– After this, Rainier Wolfcastle, dressed as a knight, bursts in through the wall, makes Homer kiss his horse’s hooves for fifteen seconds, and then bursts out through a different wall. I am not going to transcribe all the random sketch comedy crap like this that happens. Just know that there’s a lot of it.

– Shortly thereafter, Homer yells at Lisa for “anti-feudalist” talk. Had this been brief and/or the only example, it might’ve been funny. But it goes on for quite a while and gets recited about three more times.

– Milhouse is a gremlin of some kind. And Jacqueline is in an exposited retirement home manned by giant spiders.

– At the row of severed heads we get more feudalism exposition.

– Jacqueline has been standing there for all of the above exposition, then breaks in unexpectedly by walking in from out of frame. Even when they have a character in a scene they feel the need to drop them in out of nowhere. If you wrote each line on a 3×5 card and shuffled them thoroughly it might actually improve the flow of this dialog.

– Speaking of jokes that would’ve worked once, Hibbert diagnoses Krusty with “genital smurfs”, which sing and frequently throw hats whenever Krusty looks down his pants. Once, this could’ve been fine. We’ll get several more.

– Jacqueline is turning to ice because an “ice walker” bit her on their date. Said ice walker then walks up to the window to apologize from nowhere before more exposition about how he’s a thousand years old and likes “young” women like Marge’s mom. This too will be repeated.

– Now the family needs gold to buy an amulet to cure Marge’s mom. This is stated explicitly and will be exposited several more times.

– So, in what I guess is supposed to be a Game of Thrones twincest thing, Marge’s creepy twin brother walks up out of nowhere to hit on Marge.

– The first of the two really good sign gags is George R.R. Martin wearing a sandwich board that reads, “The End Is Not Nigh” on the front and “I’ll Tell You When It’s Nigh” on the back.

– They try to cram in a Moe-prank-call with a scroll tied to a raven’s leg. It works about as well as you’d expect.

– At the “Human Power Plant” we see all the SNPP guys pushing a big wheel while Ogre Willy whips them. This leads to an extended scene where Burns explains that pushing the wheel doesn’t actually power anything and that their suffering is used to give rich people tiny, decorative wings. It doesn’t hook into the rest of the episode. It’s a one-off sketch that isn’t the least bit funny since it takes a full minute of explanation to get to the punchline, which is then repeated several times in case we missed it. I’m hard pressed to think of how the writing here could be any worse. It’s disconnected, mostly setup, and has a weak payoff. What else could it screw up?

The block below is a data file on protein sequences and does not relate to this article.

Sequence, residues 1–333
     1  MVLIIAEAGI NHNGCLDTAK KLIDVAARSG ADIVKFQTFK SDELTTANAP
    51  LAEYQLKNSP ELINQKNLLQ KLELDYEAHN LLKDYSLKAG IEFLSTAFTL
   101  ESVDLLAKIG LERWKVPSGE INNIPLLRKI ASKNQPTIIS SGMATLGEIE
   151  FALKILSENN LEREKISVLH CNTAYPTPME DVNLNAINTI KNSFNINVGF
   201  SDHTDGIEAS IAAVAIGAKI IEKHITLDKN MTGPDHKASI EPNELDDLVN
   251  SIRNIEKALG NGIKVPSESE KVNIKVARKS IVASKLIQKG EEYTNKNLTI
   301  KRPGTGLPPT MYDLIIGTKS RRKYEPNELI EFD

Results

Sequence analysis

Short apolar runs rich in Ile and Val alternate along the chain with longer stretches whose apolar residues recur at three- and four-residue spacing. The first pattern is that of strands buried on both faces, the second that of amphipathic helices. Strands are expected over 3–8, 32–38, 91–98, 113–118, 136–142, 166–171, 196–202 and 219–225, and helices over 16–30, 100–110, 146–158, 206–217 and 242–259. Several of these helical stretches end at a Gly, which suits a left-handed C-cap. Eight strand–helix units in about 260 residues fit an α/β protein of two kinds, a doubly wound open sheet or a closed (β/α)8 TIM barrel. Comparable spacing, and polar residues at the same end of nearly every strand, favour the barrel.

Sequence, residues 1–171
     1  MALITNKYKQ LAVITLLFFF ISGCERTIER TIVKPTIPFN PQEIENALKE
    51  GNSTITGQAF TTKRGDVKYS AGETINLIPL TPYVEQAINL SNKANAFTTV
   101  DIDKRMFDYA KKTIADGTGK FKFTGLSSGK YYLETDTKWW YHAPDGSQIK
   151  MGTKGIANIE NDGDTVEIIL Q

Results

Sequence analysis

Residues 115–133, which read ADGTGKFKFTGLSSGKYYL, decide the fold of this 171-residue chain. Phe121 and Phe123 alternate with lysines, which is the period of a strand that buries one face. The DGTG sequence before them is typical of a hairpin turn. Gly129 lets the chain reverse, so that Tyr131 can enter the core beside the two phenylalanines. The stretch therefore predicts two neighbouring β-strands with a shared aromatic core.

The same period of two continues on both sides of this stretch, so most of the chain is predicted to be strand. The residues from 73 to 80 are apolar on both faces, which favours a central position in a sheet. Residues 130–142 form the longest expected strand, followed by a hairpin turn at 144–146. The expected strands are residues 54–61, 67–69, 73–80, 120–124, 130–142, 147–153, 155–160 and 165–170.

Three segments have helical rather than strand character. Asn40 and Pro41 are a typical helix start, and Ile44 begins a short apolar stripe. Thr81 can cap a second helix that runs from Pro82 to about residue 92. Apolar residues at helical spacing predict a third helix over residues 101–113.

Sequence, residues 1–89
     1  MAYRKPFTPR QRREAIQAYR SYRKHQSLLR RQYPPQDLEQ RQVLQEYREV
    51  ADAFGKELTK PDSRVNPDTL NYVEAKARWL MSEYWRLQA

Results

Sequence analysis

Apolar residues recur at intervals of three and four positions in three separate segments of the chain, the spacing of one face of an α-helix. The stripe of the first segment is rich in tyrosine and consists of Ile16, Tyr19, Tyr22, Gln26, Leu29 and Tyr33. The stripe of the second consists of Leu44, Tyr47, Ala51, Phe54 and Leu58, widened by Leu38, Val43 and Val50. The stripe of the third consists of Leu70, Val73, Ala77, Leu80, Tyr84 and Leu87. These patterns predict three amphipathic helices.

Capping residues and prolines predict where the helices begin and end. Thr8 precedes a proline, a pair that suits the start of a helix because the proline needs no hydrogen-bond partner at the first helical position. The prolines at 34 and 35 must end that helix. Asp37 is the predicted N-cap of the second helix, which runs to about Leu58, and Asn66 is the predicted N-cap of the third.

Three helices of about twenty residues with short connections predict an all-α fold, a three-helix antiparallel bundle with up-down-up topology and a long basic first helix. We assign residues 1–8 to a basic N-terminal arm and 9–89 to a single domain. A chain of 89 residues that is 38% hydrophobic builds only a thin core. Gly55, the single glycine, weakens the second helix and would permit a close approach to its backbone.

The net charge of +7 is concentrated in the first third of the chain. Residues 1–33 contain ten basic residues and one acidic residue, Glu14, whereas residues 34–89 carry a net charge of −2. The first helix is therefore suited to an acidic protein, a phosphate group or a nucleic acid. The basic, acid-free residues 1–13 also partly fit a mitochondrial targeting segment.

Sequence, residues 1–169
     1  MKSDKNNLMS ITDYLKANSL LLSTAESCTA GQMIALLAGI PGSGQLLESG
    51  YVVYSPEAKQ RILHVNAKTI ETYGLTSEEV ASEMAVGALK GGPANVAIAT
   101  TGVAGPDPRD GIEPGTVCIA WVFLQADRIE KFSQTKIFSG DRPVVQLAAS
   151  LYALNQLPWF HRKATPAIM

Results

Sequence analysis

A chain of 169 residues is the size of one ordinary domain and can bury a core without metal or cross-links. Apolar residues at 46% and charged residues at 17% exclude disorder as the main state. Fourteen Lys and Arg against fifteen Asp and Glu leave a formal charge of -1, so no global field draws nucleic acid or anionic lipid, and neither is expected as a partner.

– From there we see Aslan, wearing a big wooden cross, “come to offer solace in this difficult time”. Marge accuses him of wanting to take advantage of her while she’s vulnerable. Had this been left here, it’d be funny. Aslan as pushy missionary is a great idea. Instead, it goes on for twenty more seconds.

– Lisa turns some lead into gold to get the amulet for her grandmother. Then exposits that she didn’t do magic before because she doesn’t want to go work for the king. Also, Aslan shows up again. It won’t be the last time.

– Jacqueline gets cured, Bart shows up out of nowhere to exposit about how it happened.

– [siren emoji]Good Joke Alert[siren emoji]:

Jacqueline: I watched my daughter marry an ogre.
Homer: I am not an ogre. My father married an ogre after my mother was eaten by a different ogre.

Castellaneta nails this as Homer patiently but exasperatedly explaining something to an in-law he genuinely doesn’t like.

– Marge then decides to cook a hobbit to celebrate her mother’s newfound health. This leads to the second of the two really good sign gags in the episodes:

Is this self serving and kind of a low blow? Sure. But I laughed.

– And my joy is instantly ruined as we travel over to the hobbit cage where three hobbits exposit about which of them is to be eaten for far too long. I’ve said this before and I’ll say it again: these people know good jokes when they see them. They just can’t resist running them into the ground to fill time.

– There are some good fake store signs in this one, of which “Banana Monarchy” is my favorite and “David’s Merkins” is the dirtiest.

– At the town square things start to get really weird in preparation for the bizarro ending that’s coming. Homer and a bunch of other characters get into an argument about what the afterlife is like. Much exposition ensues. Also more smurf crabs or whatever.